Editorial

National Icon proposal worthy of discussion

Thursday, August 31, 2017

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It's a bit disappointing that up to last night the petition to make late folklorist Mrs Louise Bennett-Coverley an “official national icon” had secured just over 1,000 of the 15,000 signatures required for the Government to give the suggestion serious thought.

Disappointing because we would have thought that someone like Miss Lou, as Mrs Bennett-Coverley was more popularly known, would have enjoyed such tremendous public support that any effort to further honour her would move smoothly through the process.

It is also disappointing because Miss Lou, given her contribution to the development and exposure of our culture, should not have to be subjected to this type of trial in order to be accorded the type of recognition proposed by Mr Kevin O'Brien Chang.

Making the case for the national recognition, Mr O'Brien Chang states in the petition: “...(She) had an unsurpassed impact on Jamaican culture. She championed our folk customs for over 50 years as broadcaster, actress, television personality, and stage performer, and is the country's most popular poet. We are therefore proposing that a new category of national honours be created for Miss Lou, and that she should be made our first official National Icon. (Conceivably, other widely acclaimed individuals like Bob Marley and Usain Bolt could be added in future years.) We are also proposing that a life-size statue of Miss Lou be erected at the Emancipation Park entrance.”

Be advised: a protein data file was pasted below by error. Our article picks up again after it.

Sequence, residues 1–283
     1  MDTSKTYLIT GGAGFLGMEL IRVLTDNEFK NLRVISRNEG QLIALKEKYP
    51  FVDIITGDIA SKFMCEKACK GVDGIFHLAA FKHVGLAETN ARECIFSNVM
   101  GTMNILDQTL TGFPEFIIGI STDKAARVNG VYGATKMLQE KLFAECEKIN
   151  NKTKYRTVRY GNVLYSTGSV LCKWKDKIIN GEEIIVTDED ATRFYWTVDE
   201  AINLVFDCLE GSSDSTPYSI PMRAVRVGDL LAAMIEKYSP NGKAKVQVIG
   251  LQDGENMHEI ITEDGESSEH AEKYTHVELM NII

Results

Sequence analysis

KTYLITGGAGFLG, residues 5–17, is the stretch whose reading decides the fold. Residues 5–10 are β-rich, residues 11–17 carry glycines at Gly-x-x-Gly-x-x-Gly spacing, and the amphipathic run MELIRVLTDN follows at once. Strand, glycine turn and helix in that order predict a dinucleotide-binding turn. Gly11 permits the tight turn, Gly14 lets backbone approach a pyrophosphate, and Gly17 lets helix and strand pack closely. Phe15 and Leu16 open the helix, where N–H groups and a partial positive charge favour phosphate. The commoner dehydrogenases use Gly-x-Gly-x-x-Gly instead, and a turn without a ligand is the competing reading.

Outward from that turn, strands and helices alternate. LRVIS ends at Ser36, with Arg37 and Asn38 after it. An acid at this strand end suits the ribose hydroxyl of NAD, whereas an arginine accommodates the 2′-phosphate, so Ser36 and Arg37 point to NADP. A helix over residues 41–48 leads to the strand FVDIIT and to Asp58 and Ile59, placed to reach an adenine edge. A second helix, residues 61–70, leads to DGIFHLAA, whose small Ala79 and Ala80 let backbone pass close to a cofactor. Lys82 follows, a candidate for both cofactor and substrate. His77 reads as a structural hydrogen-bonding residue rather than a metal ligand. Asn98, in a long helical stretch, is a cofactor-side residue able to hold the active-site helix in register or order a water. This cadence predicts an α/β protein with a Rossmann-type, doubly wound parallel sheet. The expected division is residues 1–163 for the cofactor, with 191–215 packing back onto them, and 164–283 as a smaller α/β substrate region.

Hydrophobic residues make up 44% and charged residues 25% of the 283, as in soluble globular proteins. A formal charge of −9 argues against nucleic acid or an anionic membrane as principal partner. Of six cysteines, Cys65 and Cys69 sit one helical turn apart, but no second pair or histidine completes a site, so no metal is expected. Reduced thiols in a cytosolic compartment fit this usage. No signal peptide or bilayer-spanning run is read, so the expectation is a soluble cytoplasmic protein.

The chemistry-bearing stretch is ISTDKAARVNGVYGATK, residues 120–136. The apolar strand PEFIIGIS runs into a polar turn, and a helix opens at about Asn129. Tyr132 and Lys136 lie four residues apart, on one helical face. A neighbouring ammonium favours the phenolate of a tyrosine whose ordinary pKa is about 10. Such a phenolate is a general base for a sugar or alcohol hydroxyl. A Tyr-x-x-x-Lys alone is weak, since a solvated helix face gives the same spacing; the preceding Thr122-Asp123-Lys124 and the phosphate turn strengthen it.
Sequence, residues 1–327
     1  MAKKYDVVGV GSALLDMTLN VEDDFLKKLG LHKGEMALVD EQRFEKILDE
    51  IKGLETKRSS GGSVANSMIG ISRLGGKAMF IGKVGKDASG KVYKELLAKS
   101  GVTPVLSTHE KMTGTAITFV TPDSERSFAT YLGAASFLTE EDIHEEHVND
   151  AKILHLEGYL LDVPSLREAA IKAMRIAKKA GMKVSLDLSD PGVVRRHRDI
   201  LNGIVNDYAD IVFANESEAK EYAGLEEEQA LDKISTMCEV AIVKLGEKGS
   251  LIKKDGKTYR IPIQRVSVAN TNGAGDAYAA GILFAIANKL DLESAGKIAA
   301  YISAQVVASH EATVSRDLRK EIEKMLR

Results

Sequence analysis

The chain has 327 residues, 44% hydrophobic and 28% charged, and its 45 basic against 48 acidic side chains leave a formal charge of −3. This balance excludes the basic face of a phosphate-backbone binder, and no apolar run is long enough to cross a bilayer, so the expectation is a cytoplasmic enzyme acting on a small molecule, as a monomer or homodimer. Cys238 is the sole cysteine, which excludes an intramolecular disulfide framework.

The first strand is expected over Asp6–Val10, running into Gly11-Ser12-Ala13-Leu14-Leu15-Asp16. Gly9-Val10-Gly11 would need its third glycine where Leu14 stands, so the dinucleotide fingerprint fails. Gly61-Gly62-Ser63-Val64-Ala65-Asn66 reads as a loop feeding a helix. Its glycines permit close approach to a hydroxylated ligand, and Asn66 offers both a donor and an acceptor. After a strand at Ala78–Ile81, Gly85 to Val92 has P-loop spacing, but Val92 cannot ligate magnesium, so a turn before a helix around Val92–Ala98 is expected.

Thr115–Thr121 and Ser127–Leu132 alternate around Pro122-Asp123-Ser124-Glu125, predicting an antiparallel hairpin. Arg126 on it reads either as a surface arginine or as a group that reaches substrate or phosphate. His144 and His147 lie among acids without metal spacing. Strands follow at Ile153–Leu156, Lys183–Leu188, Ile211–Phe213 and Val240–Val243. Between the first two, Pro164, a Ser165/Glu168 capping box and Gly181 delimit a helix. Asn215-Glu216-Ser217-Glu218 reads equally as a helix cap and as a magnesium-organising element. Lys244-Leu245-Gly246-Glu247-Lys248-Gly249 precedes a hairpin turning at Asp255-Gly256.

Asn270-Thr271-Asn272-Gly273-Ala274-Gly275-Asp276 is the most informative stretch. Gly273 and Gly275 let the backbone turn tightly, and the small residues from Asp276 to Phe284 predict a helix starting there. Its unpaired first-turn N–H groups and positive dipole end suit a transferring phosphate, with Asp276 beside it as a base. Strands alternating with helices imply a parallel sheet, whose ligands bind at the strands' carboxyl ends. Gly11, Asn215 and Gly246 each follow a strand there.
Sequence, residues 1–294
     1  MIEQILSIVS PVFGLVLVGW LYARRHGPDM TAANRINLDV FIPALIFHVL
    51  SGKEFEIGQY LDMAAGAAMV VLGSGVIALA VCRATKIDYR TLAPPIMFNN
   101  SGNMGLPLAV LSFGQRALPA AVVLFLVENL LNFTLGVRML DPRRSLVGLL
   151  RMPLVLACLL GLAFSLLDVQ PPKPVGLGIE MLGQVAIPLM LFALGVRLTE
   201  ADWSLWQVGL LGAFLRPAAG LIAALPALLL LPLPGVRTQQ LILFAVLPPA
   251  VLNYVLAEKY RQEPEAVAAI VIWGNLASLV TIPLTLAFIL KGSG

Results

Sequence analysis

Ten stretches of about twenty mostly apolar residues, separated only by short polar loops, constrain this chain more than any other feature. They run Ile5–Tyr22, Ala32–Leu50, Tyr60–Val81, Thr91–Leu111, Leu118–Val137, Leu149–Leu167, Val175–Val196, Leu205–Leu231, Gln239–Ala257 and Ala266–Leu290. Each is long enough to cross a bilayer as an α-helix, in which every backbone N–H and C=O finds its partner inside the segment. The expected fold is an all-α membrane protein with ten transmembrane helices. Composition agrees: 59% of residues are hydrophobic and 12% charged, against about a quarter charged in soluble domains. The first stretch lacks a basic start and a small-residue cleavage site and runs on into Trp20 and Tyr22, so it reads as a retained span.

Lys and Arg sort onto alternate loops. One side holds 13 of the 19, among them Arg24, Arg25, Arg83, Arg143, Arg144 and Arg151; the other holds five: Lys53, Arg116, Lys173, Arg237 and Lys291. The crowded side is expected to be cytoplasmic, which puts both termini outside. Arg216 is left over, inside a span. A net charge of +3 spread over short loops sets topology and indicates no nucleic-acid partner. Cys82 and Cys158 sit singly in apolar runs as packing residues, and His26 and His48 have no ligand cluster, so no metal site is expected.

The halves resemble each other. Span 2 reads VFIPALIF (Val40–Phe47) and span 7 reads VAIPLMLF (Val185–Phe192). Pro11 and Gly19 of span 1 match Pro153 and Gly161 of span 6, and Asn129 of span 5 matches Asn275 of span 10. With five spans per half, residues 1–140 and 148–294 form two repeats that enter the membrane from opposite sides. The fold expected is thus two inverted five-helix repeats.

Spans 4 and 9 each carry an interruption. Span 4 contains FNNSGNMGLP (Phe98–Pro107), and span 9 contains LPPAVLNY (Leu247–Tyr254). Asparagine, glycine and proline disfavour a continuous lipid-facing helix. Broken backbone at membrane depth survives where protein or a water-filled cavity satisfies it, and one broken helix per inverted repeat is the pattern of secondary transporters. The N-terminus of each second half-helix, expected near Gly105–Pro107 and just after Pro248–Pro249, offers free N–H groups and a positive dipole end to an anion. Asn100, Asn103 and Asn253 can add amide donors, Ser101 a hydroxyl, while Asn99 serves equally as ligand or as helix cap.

The cynics among us may argue that Miss Lou has already been properly honoured by the State, as she was invested with the Order of Jamaica in 1974 and the Order of Merit in 2001.

However, what we understand Mr O'Brien Chang to be proposing is a category of national honour for people like Miss Lou who have given so much to the country but whose contribution is not at the level regarded as deserving of the title national hero.

It is a proposal worth discussing.

We recall that at Miss Lou's funeral service in August 2006, then Prime Minister Portia Simpson Miller said that the Government would “move with appropriate dispatch” to consider how the country could further honour Miss Lou's life and the legacy.

We may be wrong, but since then we have not heard or seen any development relating to that vow.

But there is another troubling aspect to this matter of the signatures, because we believe it also demonstrates a basic ignorance and lack of appreciation for our heritage among younger Jamaicans who are the ones more likely to get on a computer and add their names to a petition on a website.

Maybe what is needed is a strong programme focusing on our cultural heritage, at least up to the end of secondary education, to preserve that knowledge. Probably that would have prevented the type of nescience displayed by a dancehall character recently in relation to Miss Lou.

There's still time to get the required number of signatures as the deadline is September 7. After that, regardless of the public response, the State should consider the proposal.

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